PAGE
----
• In the first cell of the next column after p value calculations, type the header "Significantly_Expressed_Genes".
• Find which genes are significantly differentially expressed (i.e. the p value for that gene is less than 0.05). For example, for the wild type data, type the following formula into the second cell of the column.
```=IF(BD2<0.05,1,0)
```

and press enter. Double click on the lower right hand corner of the cell to perform the calculation for all of the genes.

• Find the sum is the total number of genes that have a p value of less than 0.05.
• For the wild type data, scroll down to the bottom of the column and type the following formula in the first blank cell
```=SUM(BD2:BD6190)
```

and press enter.

#### Calculate the Bonferroni p value Correction

• Select the spreadsheet labelled "Bonferroni".
• Paste the "Gene ID" column from one of the earlier five spreadsheets into the colum A of this spreadsheet.
• Paste the entire column of p values for the wildtype into the column B of the spreadsheet as values. Paste the p values for the other strains in the same manner into columns C-F.
• In cell G1 and H1, type "wt_Bonferroni_pval".
• Calculate the Bonferroni corrected p value for the wildtype data. To do so, type the following formula into cell G2:
```=B2*6189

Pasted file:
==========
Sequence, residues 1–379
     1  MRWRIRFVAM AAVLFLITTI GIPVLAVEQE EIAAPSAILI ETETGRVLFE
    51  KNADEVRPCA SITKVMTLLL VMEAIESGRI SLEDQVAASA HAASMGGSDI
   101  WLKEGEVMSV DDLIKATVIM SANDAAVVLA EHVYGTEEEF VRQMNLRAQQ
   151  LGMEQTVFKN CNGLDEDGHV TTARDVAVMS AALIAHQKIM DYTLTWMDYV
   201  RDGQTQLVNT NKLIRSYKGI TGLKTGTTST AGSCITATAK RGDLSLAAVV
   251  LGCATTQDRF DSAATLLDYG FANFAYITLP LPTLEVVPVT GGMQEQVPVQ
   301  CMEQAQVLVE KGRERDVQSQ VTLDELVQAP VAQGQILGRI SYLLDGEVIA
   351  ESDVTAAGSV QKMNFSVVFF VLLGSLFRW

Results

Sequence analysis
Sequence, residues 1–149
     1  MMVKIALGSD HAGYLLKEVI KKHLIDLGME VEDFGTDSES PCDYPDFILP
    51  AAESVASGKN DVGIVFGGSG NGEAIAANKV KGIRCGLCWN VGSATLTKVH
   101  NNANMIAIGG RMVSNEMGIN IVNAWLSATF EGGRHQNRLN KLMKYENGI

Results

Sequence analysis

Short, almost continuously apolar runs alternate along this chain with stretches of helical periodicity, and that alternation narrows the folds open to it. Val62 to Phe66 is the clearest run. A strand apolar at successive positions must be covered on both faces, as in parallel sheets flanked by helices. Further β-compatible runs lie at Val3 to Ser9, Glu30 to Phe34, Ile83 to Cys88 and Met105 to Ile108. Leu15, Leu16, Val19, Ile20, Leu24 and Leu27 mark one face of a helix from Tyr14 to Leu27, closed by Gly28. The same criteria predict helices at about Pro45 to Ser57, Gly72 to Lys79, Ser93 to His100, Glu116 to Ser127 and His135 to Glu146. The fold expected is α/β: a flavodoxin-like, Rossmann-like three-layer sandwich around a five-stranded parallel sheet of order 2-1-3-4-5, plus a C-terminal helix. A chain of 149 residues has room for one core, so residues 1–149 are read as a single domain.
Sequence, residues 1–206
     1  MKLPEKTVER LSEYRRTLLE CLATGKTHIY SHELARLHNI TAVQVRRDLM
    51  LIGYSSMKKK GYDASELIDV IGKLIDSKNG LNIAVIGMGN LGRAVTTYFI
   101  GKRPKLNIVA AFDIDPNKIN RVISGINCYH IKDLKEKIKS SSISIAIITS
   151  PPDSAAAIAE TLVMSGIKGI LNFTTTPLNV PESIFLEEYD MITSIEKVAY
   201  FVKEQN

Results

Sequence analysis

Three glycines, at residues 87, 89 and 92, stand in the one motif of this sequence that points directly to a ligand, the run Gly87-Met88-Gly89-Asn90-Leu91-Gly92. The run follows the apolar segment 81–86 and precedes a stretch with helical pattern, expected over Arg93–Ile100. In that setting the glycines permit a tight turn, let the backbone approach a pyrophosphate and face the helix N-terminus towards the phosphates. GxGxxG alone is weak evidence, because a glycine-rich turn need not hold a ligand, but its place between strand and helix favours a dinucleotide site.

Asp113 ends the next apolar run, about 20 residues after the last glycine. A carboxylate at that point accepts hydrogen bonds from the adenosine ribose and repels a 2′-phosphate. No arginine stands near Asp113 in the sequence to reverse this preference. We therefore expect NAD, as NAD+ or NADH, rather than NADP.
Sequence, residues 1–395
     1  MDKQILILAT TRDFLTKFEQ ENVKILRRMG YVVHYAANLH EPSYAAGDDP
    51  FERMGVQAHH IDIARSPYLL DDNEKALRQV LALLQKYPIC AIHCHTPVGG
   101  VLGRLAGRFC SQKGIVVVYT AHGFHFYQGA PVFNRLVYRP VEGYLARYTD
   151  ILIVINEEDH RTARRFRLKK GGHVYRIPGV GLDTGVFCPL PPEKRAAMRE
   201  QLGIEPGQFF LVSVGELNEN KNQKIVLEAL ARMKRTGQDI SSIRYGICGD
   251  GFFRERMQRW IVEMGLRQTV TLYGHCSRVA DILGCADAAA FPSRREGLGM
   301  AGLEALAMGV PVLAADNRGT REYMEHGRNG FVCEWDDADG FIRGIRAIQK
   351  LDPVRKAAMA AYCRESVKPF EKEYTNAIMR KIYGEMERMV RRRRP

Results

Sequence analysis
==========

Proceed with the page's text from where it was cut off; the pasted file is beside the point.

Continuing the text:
```

and press enter. Instead of typing the cell designations, click on the beginning cell and then double click on the lower right hand corner.

• Replace any corrected p value that is greater than 1 by the number 1 by typing the following formula into cell H2:
```=IF(G2>1,1,G2)
```

and press enter. Instead of typing the cell designations, click on the beginning cell and then double click on the lower right hand corner.

• In cell I2, type "Significantly_Expressed_Genes".
• Find which genes are significantly differentially expressed by typing the following formula into the cell I2:
```=IF(G2<0.05,1,0)
```

and press enter. Instead of typing the cell designations, click on the beginning cell and then double click on the lower right hand corner.

• Scroll down to the bottom of the column.
• In cell I6192, type the following formula:
```=SUM(I2:I6190)
```